In Europe, the Greater Flamingo breeds in the Iberian Peninsula, southern France and Sardinia. It also breeds in Turkey and in North Africa, close by. Flamingoes are nomadic and move around sites as water levels rise and fall. Crossings between Europe and North Africa are not uncommon. These photographs were taken in the marismas of the Guadalquivir on the 23rd April.
On average around 31% of the western Mediterranean flamingoes breed in Spain but, when water levels are right, this proportion has been known to be up to 57%. That was in 2001 when 23,011 pairs bred. The lake at Fuente de Piedra in Malaga Province usually holds the largest colony by far, the number of breeding pairs having fluctuated between 2 and 20 thousand in recent years.
Flamingoes also breed in the marismas when water levels are right but these tend to be inexperienced birds and they usually have problems completing the reproduction. One year the pools in which they had raised the young dried up too soon and the young, which could not fly, had to be herded by horsemen to another pool or they would have all perished!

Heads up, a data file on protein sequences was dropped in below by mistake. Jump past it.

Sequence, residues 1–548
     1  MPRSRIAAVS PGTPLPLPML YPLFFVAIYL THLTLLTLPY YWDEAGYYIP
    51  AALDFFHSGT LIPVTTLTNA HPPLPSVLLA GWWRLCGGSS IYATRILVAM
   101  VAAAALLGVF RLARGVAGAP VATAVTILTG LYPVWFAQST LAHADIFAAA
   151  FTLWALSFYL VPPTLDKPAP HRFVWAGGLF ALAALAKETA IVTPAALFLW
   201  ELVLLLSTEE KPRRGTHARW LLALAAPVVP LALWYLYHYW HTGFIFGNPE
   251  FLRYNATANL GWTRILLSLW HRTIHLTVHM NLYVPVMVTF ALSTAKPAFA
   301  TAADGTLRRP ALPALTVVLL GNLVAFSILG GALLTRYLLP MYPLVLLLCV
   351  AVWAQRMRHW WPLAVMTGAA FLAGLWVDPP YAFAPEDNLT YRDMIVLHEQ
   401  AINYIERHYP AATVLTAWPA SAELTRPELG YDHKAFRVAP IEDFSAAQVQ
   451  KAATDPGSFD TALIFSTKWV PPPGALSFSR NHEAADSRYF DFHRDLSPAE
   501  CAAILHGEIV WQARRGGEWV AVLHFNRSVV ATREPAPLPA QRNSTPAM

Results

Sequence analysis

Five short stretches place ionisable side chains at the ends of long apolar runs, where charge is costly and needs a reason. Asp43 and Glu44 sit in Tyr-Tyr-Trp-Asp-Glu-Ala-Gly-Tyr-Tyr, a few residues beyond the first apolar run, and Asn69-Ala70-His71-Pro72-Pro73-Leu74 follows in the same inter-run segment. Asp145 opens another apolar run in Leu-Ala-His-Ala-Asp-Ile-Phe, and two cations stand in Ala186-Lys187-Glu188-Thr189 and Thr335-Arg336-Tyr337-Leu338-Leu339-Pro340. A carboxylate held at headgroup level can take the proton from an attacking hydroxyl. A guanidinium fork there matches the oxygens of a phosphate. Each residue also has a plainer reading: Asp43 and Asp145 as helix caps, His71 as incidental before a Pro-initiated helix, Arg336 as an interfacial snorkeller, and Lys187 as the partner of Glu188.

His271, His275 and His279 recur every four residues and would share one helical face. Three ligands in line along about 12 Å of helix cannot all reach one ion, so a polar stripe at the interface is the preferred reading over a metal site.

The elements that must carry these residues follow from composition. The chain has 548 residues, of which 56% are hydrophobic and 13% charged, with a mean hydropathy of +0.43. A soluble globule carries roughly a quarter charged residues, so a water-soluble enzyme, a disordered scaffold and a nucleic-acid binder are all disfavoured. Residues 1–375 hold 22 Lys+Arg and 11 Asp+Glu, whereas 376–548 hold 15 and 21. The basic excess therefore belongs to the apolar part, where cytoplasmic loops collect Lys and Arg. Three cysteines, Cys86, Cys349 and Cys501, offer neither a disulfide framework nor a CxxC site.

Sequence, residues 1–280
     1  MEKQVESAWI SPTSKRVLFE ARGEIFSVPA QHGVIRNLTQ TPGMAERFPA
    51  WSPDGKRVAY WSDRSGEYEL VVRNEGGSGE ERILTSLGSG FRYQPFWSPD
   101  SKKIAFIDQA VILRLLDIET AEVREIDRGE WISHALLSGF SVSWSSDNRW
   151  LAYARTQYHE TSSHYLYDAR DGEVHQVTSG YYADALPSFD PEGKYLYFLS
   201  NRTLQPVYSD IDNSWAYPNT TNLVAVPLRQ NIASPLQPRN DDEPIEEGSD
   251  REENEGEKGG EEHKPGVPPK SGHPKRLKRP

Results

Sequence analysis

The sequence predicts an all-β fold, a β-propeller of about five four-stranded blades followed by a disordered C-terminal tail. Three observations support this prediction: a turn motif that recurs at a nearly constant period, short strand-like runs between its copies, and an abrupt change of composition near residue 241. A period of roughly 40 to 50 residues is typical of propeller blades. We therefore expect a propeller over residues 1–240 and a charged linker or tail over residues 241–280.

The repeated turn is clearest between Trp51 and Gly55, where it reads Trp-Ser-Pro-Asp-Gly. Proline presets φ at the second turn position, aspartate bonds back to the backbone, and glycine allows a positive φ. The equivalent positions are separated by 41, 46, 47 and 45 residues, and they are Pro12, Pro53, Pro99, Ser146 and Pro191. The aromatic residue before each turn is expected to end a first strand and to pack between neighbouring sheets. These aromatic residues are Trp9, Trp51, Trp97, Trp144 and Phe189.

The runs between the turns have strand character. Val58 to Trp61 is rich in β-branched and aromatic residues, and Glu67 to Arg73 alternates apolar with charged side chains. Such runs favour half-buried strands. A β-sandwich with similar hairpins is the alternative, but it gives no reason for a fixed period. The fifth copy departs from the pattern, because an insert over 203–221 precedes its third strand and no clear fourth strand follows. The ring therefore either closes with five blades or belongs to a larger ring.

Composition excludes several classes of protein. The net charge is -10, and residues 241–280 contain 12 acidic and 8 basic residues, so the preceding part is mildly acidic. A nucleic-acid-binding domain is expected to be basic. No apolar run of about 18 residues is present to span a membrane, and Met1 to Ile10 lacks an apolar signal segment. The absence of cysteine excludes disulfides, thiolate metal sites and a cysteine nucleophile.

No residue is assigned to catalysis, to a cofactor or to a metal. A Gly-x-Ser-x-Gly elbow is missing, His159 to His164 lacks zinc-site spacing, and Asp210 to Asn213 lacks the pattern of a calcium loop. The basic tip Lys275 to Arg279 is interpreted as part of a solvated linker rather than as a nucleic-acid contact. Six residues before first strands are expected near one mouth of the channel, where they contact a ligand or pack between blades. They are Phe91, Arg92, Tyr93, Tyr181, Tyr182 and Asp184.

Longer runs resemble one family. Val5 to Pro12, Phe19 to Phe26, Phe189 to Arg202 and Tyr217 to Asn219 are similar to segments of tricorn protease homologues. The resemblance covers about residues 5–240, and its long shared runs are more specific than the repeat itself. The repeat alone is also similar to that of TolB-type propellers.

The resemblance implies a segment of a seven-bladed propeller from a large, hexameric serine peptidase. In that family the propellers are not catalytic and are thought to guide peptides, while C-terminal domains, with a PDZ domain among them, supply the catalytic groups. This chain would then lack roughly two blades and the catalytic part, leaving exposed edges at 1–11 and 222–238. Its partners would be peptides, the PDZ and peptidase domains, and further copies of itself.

Fuente de Piedra lies roughly 150 kilometres east of the marismas and the breeding birds regularly commute between the lake and the marsh in search of food. Their movements to and fro offer spectacular views of these wonderful birds in flight.
The Latin name of the Greater Flamingo is Phoenicopterus ruber. Phoenicopetrus means Phoenix-winged and it has been suggested that the combination of flame colours and the rising heat currents in the inhospitable salt lakes in which they breed, inspired the Egyptian Phoenix.
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